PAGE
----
Click on photos to enlarge.

Thursday, November 10, 2016

Paintings I've Not Done Yet--Allhambra

Copyright, Jim Lane
My best shot of Alhambra...rather bleak...nothing a good landscape architect or talented painter couldn't fix, I suppose.
Alhambra was not what I expected. I visited the ancient Moorish palace, located in Granada, Spain, two years ago (2014) as the first stop following a transatlantic crossing aboard Royal Caribbean's magnificent Allure of the Seas. The ship docked at the bustling port city of Malaga on the Mediterranean coast, about an hour-and-a-half by bus from Granada (83 miles or 134 kilometers). This makes the visit it a day-long excursion with a total of some three hours of travel. For the septuagenarian traveler like myself, that's not all bad. It allows a sixty-mile-per-hour view of the Spanish countryside, as well as lunch and a sampling of the local cuisine, followed by a nice amount of nap time on the way back to the ship.
Copyright, Jim Lane
A forest of slender columns and lacy details but not ideal
painting content. It's so...disorganized.
When I say Alhambra was not what I expected, I'm speaking photographically. Insofar as the palace was concerned, I knew exactly what to expect. I'd done my homework, though that's not to say there weren't some surprises. Those involve the immense size of the walled enclosure and the surprising variety of architectural trappings resulting from more than a thousand years of royal and military wear and tear on the place. Alhambra is literally a museum of European architecture from virtually every era of that time period. I guess what I was expecting photographically was a palace much more lavishly beautiful. Yes, there are areas fitting that description, but none could compare with what I'd seen in Russia, or those I later saw in Paris. The impression one takes away in visiting Alhambra is that it's old. That, and the various sultans' architects worked with a different set of aesthetic values than those of their European counterparts. I'm not sure this is the case, but it seemed to me that they might have designed instinctively, on location, with minimal images on paper. If one looks closely, there are several "errors" and irregularities visible today which would suggest this conclusion.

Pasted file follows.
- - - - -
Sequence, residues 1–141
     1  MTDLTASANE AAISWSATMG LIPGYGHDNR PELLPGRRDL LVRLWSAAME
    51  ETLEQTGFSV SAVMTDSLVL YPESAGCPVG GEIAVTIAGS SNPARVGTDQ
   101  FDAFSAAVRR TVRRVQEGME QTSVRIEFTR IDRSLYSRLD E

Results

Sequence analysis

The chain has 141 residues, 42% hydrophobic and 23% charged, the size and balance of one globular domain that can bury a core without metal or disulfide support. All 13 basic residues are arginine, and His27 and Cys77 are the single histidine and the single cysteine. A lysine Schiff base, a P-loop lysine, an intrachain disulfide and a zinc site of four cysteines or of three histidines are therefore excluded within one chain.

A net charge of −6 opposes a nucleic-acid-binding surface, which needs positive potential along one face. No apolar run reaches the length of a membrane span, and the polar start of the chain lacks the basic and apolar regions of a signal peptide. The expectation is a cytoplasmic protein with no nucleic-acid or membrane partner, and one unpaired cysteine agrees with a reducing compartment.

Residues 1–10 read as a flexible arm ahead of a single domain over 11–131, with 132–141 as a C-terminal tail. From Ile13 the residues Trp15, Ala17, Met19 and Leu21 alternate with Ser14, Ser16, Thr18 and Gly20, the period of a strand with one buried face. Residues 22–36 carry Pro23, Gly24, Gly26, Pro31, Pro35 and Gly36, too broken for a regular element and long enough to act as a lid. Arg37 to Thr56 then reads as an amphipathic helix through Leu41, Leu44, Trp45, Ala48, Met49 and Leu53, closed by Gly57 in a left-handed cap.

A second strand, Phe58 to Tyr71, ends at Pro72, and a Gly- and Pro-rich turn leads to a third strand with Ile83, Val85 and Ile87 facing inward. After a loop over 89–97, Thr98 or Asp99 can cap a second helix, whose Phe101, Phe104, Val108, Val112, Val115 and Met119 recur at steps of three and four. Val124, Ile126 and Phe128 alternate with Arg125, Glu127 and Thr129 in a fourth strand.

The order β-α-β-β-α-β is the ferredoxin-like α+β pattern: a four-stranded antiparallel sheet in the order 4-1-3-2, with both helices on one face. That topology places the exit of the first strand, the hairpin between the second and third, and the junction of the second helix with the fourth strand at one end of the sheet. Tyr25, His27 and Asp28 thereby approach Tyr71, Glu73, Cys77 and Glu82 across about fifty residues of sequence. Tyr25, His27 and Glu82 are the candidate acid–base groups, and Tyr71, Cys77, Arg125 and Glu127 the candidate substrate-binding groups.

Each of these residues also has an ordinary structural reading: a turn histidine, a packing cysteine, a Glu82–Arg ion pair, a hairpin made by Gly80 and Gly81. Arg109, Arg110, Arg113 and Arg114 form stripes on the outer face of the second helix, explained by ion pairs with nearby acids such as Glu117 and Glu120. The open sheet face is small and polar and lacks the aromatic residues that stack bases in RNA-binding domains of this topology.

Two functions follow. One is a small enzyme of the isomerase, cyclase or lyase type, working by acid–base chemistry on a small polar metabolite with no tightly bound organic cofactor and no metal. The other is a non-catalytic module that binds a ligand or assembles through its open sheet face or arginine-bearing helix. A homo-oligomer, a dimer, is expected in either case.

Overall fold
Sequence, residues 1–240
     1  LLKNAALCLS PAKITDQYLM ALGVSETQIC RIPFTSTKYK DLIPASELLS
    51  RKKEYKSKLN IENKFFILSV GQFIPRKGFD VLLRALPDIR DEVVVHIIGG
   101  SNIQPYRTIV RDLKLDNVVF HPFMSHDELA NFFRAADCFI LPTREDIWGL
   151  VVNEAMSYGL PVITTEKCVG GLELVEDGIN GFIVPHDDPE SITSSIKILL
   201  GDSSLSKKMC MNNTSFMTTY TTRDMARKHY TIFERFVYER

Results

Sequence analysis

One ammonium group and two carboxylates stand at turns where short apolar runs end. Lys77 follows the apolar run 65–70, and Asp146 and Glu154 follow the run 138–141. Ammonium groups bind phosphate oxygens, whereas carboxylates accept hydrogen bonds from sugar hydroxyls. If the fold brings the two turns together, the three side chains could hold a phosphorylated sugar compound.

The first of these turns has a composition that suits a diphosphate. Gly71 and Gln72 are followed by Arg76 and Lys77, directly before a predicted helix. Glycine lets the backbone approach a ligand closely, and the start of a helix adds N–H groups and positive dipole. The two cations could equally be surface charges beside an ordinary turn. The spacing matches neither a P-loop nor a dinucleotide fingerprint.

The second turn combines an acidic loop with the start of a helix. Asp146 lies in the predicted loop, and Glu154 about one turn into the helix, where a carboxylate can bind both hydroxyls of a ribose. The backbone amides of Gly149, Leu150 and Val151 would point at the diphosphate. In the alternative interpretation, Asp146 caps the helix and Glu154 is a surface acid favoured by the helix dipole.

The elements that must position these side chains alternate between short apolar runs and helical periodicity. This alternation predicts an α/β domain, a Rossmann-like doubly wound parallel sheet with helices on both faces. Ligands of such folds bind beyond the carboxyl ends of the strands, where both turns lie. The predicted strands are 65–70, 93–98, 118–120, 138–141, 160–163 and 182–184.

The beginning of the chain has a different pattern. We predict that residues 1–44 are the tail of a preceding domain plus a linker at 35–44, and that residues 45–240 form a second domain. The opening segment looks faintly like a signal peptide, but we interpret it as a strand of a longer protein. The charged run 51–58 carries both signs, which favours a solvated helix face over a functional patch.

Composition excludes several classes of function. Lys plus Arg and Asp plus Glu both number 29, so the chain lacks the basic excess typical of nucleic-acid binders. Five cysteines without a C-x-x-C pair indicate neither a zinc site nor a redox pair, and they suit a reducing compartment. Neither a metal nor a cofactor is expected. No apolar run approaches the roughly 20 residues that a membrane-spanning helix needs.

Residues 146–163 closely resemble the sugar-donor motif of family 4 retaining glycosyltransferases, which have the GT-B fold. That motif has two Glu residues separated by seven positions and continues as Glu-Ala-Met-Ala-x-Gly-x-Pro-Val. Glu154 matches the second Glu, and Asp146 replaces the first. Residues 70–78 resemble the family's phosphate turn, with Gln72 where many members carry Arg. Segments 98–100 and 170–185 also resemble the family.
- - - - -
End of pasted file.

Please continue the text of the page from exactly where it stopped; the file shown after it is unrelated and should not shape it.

Copyright, Jim Lane
Yes, there were some flowers, but they had more the appearance
of what I'd term "wild flowers" than a carefully manicured garden.
I expected to see dozens and dozens of views just begging to be painted. What I found was a palace full of lavish, almost infinite detailing, but that does not photograph well for the artist like myself in search of architectural source material. Whereas other (albeit younger) such architectural landmarks force the photographer to pick and choose only the best while "leaving the rest," with Alhambra, I found myself having to search for views, angles, and content that were merely "good." I was there in late April, perhaps a little early to find the flowery beauty I later encountered at Monet's Giverny outside Paris, but having said that, this was the warm, sunny Mediterranean area of southern Spain after all).
Copyright, Jim Lane
Fountaineering appears to have come a long way since
those of Alhambra first spurted their glistening flow.
I was familiar with the numerous courtyards and fountains to be found at Alhambra, but quite frankly, both were less than I expected. I guess I was expecting Versailles and what I saw was little more than a series of modest aquatic arcs (above). I've seen malfunctioning school drinking fountains with more powerful spurts. Once more I'm uncertain whether this was because of the era in which the major portions of the palace were built, a lack of Moorish imagination, more subdued tastes, or perhaps the antiquarian plumbing involved (maybe even a shortage of water now or then).
Copyright, Jim Lane
The best that can be said as to Alhambra's fountains
is that they are "quiet and restful."
To put the best light on it, one comes away from Alhambra with the impression that the Moorish architects may have been "pioneers" in the ornamental use of reflective pools and the exciting splash of decorative airborne water. The Romans, of course, had dabbled in such art centuries before, but such efforts were, in fact, centuries before, allowing such "fountaineering" to become a lost art following the fall of that civilization. The Moorish designers at Alhambra may have simply rediscovered its rudiments. Did Alhambra influence the landscape architects of Louis XIV's Versailles, thus causing my expectations to become jaded. It's possible. They're only about nine-hundred miles and five centuries apart.

As the eleventh group in this series, like the others, these photos are available free of charge for use by painters as source material for their own work on an individual basis. Simply e-mail me with a request to do so at and indicate which photo you would like to use as well as your full name (no nicknames) and geographic location. If you have a website, include the URL. And please, when finished, e-mail me a photo of your painting. These images are not for publication as photos (except on a royalty basis) nor are they in the public domain.

No comments:

Post a Comment